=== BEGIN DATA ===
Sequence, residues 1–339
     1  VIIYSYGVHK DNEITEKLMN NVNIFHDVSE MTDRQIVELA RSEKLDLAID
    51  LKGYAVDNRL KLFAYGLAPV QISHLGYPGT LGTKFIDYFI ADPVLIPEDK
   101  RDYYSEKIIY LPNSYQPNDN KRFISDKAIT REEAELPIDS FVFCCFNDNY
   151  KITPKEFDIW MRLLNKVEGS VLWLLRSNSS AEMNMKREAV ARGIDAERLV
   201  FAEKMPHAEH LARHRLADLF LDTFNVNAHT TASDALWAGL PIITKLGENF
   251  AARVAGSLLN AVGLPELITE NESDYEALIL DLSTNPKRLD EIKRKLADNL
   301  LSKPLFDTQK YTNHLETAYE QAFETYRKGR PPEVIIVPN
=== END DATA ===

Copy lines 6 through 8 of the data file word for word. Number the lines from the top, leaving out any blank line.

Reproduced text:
   201  FAEKMPHAEH LARHRLADLF LDTFNVNAHT TASDALWAGL PIITKLGENF
   251  AARVAGSLLN AVGLPELITE NESDYEALIL DLSTNPKRLD EIKRKLADNL
   301  LSKPLFDTQK YTNHLETAYE QAFETYRKGR PPEVIIVPN